decomposition of labour

decomposition of labour

the process in which the position of the WORKING CLASS becomes increasingly fragmented and in which this class can no longer be assumed to share consciousness or to act as a unitary force. See DAHRENDORF.
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6) To address this problem, Tang and Wang modified the traditional decomposition of labour productivity so that it depends on nominal additivity rather than real additivity.
Figure 2 shows the decomposition of labour input for Germany, Italy and .
The asymmetry between productivity increases and employment reallocation among sectors and subsectors is confirmed when we look at the decomposition of labour productivity growth (Table 7; for details, see Table A1, Statistical Appendix).
Decomposition of labour productivity growth in China-percentage contribution by 7 subsectors 1980-92 1992-02 1980-02 Agriculture, forestry, animal husbandry and fishery productivity effect 16.
Following Olley and Pakes (1996), we also conduct a cross-sectional decomposition of labour productivity:
Table 5: Decomposition of labour productivity growth, method 2 Total Within firm Intrasector Intersector growth 1992-1993 -0.
1 presents a decomposition of labour productivity growth rates in manufacturing into a within-firm component and the different components due to the reallocation of resources across firms (see Box VII.
The decomposition of labour productivity growth in service sectors gives far more varied results than that for manufacturing, no doubt because of the difficulties in properly measuring output in this area of the economy.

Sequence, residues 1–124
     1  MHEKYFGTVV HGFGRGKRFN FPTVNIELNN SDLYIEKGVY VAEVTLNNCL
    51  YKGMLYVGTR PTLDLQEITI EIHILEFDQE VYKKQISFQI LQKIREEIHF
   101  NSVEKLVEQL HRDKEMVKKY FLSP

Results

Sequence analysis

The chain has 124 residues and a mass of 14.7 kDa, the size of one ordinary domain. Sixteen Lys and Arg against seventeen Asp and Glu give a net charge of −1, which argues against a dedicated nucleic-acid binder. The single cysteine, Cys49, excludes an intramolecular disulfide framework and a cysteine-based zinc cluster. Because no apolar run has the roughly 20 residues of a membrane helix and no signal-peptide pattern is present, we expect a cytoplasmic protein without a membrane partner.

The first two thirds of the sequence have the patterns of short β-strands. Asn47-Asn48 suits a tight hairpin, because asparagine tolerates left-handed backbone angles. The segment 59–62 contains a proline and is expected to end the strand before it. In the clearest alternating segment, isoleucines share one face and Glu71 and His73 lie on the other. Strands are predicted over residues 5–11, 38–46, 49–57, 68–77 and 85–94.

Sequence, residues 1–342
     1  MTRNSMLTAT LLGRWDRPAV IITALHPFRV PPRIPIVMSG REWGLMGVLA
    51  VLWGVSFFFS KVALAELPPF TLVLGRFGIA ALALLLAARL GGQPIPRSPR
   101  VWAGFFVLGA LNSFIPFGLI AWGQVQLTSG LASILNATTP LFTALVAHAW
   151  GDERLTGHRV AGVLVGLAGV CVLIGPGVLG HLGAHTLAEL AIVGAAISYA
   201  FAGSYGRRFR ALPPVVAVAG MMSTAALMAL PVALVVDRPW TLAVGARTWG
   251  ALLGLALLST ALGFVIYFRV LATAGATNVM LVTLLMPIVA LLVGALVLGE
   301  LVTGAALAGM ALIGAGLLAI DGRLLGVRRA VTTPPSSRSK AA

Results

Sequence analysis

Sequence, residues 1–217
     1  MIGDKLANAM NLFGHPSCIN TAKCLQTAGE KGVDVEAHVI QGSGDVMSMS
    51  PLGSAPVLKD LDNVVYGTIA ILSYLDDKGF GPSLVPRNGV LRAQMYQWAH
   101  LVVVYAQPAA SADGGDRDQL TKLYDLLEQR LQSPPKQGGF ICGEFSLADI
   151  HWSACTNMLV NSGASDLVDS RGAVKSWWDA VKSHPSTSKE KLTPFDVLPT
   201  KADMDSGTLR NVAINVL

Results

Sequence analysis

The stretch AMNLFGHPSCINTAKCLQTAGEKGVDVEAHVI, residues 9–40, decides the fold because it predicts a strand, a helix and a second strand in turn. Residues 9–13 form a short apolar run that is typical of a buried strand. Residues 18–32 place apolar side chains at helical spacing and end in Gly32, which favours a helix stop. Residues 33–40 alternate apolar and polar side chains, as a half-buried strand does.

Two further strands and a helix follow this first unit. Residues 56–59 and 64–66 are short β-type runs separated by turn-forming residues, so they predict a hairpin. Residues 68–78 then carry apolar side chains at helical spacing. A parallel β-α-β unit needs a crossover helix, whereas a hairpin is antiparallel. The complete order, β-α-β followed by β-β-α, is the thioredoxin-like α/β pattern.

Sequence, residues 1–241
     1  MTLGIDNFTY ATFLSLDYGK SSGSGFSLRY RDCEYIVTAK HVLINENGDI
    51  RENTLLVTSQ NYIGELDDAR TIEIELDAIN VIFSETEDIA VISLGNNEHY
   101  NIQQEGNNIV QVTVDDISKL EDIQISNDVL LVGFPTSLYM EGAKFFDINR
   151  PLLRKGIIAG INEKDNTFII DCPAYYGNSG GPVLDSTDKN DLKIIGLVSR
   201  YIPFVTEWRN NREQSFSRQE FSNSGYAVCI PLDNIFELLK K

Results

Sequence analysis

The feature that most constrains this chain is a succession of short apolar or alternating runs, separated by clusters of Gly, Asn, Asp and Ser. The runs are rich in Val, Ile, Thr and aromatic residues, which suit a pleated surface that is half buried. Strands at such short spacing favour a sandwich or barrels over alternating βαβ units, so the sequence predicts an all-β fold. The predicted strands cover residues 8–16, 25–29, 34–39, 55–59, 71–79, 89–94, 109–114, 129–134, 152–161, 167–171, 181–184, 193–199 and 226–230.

Table 13 Plant-level GR Decomposition of Labour Productivity Growth of Constituent Industries in the Canadian Transportation Equipment Manufacturing Industry, 1997-2000 and 2000-2006 (percentage points per year) Labour Within productivity continuing growth rate plants 1997-2000 Motor vehicle (MV) mfg.
Maliranta (2009) applies formula (2) in two ways; first, he does so by performing a decomposition of labour productivity growth for all manufacturing plants together.
Table 2 Growth Accounting Decomposition of Labour Productivity Growth in the Market Sector (per cent or percentage points per year) Contribution of (percentage points) Labour Labour ICT capital productivity composition per hour (1)=(2)+(3)+(4)+(5) (2) (3) Finland 1970-84 3.
Of this lagging performance around 90 per cent is attributed to the poor performance of multi-factor productivity in the business sector, the residual in the decomposition of labour productivity growth after increasing capital intensity and improvements in the quality of the labour force have been accounted for.